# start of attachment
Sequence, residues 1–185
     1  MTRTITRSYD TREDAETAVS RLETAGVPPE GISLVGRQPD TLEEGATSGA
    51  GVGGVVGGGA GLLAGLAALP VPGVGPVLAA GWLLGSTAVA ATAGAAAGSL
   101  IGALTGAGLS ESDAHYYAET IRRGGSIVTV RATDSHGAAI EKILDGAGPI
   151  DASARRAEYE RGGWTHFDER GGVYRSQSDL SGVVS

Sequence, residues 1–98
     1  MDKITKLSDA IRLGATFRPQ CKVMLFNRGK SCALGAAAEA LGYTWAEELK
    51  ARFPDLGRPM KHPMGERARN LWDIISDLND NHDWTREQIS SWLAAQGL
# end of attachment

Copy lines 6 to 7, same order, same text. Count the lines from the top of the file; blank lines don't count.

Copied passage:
Sequence, residues 1–98
     1  MDKITKLSDA IRLGATFRPQ CKVMLFNRGK SCALGAAAEA LGYTWAEELK